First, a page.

Microsoft cloud services offering Windows Live for the Windows 8 and Windows Phone has been reimagined. In a May 2 blog post, authored by Chris Jones, VP of Windows Live group, talks about the reimagined role of cloud services in Windows 8.
Jones state that the cloud services featured in Windows 8 will serve as an update to Microsoft's Windows Live platform, which has not met Microsoft's expectations of "a truly connected experience."
Windows Live was first announced on November 1st, 2005, and the company described it as "a set of personal Internet services and software designed to bring together in one place all of the relationships, information and interests people care about most, with more safety and security features across their PC, devices and the Web."
"Over 500 million people around the world are already using the Windows Live services, Microsoft notes. There are 350 million active Hotmail users, 300 million active Messenger users, and over 130 million SkyDrive users with 17 million of these uploading files every month," Jones states.
Windows 8 and Windows Phone propose a new approach to how users can stay connected, Microsoft is considering means to rally Live services to fit them. "Windows 8 provides us with an opportunity to reimagine our approach to services and software and to design them to be a seamless part of the Windows experience, accessible in Windows desktop apps, Windows Metro style apps, standard web browsers, and on mobile devices," Jones explains.
The first and most important link to Microsoft's cloud based services going forward will be Microsoft Account -- which creates a identity for individuals to sign in to Windows 8 PC, and then use the same account to check billing for services like Xbox LIVE, Zune, and the Windows 8 app store.
Microsoft account is also connected to Xbox gamer tag to let users track high scores and games.
"We'll be rolling out the change in nomenclature from Windows Live ID to Microsoft account over the next several months across our product line," Jones said.
Microsoft account also automatically provisioned with a set of cloud services, including a contact list, calendar, inbox, instant messaging, and cloud storage. These services connect to a PC and a Windows Phone, as well as apps desgined included with API support.
"Because these services are a part of your Microsoft account, they are shared across all Microsoft products and services. For example your contact list is shared across Windows Phone, Windows 8, Hotmail, Messenger, and SkyDrive, so when you add a contact in one place, it shows up in the cloud and on all of your other devices and services," Jones explains.
Windows 8 also uses cloud services to roam settings across PCs so you can log in to a new PC and pick up right where you left off. Microsoft account also offers everyone access to SkyDrive, for cloud storage for documents, photos, your phone's camera roll, and settings from your PC.
Jone notes, "Windows 8 is designed to be cloud-powered, so it comes with Metro style apps for communication, sharing, scheduling, photos, and videos. Preview versions of these apps come installed with the Windows 8 Consumer Preview and include Mail, Calendar, People, Photos, Messaging, and SkyDrive."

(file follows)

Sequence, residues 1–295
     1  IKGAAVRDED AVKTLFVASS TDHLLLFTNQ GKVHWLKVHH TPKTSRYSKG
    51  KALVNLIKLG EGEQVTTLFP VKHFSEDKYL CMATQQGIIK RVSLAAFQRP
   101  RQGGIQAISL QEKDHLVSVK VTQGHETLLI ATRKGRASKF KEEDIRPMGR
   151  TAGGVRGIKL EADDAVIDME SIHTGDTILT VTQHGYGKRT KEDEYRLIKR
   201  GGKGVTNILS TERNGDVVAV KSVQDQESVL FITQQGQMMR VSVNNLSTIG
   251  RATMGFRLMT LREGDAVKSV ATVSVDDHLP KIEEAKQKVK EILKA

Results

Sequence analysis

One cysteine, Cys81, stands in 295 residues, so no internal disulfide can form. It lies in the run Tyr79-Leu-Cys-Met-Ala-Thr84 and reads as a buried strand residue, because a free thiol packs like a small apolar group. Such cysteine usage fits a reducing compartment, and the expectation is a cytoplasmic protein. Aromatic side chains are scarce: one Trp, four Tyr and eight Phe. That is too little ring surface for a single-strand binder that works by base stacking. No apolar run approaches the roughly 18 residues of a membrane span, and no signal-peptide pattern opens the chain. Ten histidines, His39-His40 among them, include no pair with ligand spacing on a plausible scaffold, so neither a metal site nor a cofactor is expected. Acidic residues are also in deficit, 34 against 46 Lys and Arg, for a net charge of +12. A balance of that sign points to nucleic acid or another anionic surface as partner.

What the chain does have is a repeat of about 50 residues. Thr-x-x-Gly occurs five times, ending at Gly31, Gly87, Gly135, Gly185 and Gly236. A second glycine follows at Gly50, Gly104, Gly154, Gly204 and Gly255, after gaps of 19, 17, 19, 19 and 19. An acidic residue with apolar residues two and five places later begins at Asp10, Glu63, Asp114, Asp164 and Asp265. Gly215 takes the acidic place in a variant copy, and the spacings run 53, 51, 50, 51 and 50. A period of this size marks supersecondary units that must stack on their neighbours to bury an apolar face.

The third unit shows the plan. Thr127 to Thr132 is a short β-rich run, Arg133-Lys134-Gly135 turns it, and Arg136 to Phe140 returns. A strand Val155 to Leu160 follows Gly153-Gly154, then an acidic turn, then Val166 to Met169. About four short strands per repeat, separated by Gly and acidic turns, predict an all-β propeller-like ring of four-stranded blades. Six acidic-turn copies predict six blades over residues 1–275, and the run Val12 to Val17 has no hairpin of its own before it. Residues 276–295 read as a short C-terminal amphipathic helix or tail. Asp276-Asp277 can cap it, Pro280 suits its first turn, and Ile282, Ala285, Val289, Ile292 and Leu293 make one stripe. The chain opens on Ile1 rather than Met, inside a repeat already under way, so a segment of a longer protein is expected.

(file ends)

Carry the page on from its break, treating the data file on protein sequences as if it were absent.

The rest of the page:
"They're all powered by cloud services, so when you sign in with your Microsoft account, your email, calendar, contacts, messages, and shared photo albums show up right in your apps."
"For customers who've shared family PCs, family safety is now a feature of Windows accounts and no longer requires a separate download. Also, Windows Phone comes with the same set of apps, powered by cloud services, and connected to your Microsoft account. For customers who use Windows 7, we have a set of Windows desktop apps, including Photo Gallery, Movie Maker, Mail, Messenger, Family Safety, and our recently released SkyDrive for the Windows desktop," Jones adds.
Microsoft account also let customers to connect with many different social networking and communications services -- and comes with just like the contact list, stores your connected services list in the cloud and roam across your devices. "This means that if you connect your Microsoft account to LinkedIn, Facebook, or Twitter, your contacts from these networks show up in your contact list, so you can send them email from your PC or call them from your phone," Jones explained.
He said, Microsoft also support 3rd party developers through the Live SDK, allowing developers to cloud-power their Metro style apps, or apps and services for other platforms. "Our APIs use standard and familiar protocols including OAuth 2.0, JSON, REST, Exchange ActiveSync, and XMPP," Jones concludes.
Jone added a chart that breaks down software and services in Windows 8:
Windows Live ID, Passport
SkyDrive app, SkyDrive Desktop
SkyDrive app, Office app
FolderShare, Live Mesh, Windows Live Mesh
Windows Live Mail, Outlook Express
Windows Live Mail, Windows Calendar
Integrated in Hotmail and SkyDrive
Photos app, Photo Gallery, Movie Maker
Photos app, Camera Roll
REST, JSON (via SkyDrive)
Windows Live Photo Gallery, Windows Live Movie Maker
Microsoft also provided shared a video, as seen below, in which Jones promises the new cloud services "rethink Windows Live" to better serve customers.
In the video, Jones shows how the cloud-based experience of Microsoft services, including SkyDrive and Hotmail, will be the same across the company's platforms and through a web browser.
The video also briefly discusses how developers can implement Microsoft's cloud service APIs for their customer service.